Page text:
Friday, May 13, 2005

Why Mr. Botsalo Ntuane is wrong on Tirelo Setshaba

Reading Botsalo Ntuane’s column arguing for the reinstatement of Tirelo Setshaba was a refreshing experience. He argued for a consultative process of soliciting views on the banished scheme. Ntuane must be applauded for submitting a courageous criticism of the status quo of the nation under the leadership of his party, the BDP. A criticism of one’s own party is a rarity amongst politicians and those with political agendas. Lamenting the state of our educational system that leaks profusely at form 3 and form 5, he reminded us of high levels of unemployment that condemn youngsters to “alienation, listlessness and loss of hope.” Ntuane “admits that the problems facing young people are myriad and complex, and government, determined as it is to resolve them is not faring well.” What a devastating indictment of one’s party! And finally on tribalism he argues for a detribalised Motswana. He raises all these criticisms to argue for one thing: the reinstatement of TS.

Mr. Ntuane’s motives are candid; his analysis of the state of affairs, meticulous and irrefutable; his proposal, miles off the mark and contradictory and in demand of a response.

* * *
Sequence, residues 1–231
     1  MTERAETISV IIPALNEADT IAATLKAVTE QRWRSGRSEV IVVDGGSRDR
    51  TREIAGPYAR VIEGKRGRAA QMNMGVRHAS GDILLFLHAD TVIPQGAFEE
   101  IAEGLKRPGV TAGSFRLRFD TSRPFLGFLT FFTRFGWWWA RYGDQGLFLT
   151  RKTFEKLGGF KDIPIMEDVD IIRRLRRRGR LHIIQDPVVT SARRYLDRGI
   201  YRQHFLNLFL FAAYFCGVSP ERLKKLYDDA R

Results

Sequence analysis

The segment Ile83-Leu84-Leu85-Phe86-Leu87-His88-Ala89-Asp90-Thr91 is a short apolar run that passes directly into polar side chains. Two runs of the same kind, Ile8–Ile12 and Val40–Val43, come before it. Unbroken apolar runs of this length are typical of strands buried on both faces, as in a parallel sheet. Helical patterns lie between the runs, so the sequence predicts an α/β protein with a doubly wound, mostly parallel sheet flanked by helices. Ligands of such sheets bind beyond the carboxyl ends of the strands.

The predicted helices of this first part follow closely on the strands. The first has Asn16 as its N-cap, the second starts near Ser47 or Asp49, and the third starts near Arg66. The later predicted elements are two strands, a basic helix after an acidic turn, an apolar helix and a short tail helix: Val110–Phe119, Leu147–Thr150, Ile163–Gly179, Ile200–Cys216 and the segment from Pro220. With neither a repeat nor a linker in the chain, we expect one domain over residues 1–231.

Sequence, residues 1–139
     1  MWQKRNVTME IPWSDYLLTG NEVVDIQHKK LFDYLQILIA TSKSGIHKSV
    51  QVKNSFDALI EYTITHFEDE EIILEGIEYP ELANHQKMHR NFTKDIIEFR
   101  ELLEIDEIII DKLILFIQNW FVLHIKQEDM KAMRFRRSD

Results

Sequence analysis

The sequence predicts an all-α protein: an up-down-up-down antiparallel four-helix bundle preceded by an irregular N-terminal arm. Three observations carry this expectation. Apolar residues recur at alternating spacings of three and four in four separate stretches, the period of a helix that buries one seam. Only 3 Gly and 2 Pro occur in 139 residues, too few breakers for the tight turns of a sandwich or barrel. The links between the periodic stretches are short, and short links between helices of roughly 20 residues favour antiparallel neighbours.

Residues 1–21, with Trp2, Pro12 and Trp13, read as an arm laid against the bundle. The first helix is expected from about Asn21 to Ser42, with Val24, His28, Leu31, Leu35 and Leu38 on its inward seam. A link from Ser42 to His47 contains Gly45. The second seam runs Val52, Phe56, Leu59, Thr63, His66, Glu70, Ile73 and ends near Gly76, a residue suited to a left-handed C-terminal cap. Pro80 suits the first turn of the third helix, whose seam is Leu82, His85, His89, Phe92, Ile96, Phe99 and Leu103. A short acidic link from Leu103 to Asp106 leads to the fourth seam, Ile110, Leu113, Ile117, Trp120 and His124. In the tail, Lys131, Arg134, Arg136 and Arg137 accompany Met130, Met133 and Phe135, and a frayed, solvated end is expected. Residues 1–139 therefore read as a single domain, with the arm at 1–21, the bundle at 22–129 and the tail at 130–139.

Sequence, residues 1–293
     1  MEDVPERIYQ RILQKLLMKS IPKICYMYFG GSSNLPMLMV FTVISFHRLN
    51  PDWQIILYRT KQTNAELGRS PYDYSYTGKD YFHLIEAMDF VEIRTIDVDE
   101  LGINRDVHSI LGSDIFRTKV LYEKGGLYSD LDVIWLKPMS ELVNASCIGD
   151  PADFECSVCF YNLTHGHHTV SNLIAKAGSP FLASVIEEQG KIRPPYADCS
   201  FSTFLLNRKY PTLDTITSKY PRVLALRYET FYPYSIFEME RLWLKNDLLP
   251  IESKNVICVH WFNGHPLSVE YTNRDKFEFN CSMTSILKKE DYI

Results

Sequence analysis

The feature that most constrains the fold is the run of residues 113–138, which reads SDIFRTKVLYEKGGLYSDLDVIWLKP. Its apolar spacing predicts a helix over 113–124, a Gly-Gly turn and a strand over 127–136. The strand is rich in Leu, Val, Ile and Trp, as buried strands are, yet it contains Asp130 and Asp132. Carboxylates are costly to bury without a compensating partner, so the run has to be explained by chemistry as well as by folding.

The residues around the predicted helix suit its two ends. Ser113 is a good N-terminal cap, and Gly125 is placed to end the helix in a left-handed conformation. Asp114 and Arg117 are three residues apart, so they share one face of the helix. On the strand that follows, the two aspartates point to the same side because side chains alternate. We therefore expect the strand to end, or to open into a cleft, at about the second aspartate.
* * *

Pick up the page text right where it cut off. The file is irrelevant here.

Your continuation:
He proposes TS that would cater for those who “found themselves in the streets because circumstances had contrived against further progression in the education system or opportunities.” His proposition runs the risk of condemning the scheme as a domain for failures, underachievers, academically challenged persons who couldn’t make the mark. It is these persons Ntuane argues should carry the hope of the nation and redeem us from the scourge of tribalism and ethnic intolerance. Oh, how we find ourselves trapped in a Blakean "Human Abstract", forced to acknowledge that “Pity would be no more, If we did not make somebody Poor”.
Ntuane must be challenged both on pedagogic and economic grounds to answer what the causes of failure at form 3 and form 5 levels are. Are there impediments to progress buried within our educational system, our moral fibre or economic management? When we address these questions and others in the similar vein seriously, we will draw closer to addressing the plight of those on the fringes of educational opportunities. Bundling those on the streets and sending them away for a year of national service is procrastination and not progress. It is buying time before poverty strikes her blow: it is extending human agony and anguish by twelve months: it is, dare I say, introducing a veiled Namola Leuba to youth. It is avoiding underlying causes by proposing sweeping away superficial signs. The underlying causes of poverty, violence, failure and apathy need to be identified and rooted out. Revisiting our pedagogy and interrogating the relevance of our education system to the national interests and answering perceived inequalities will be a good start.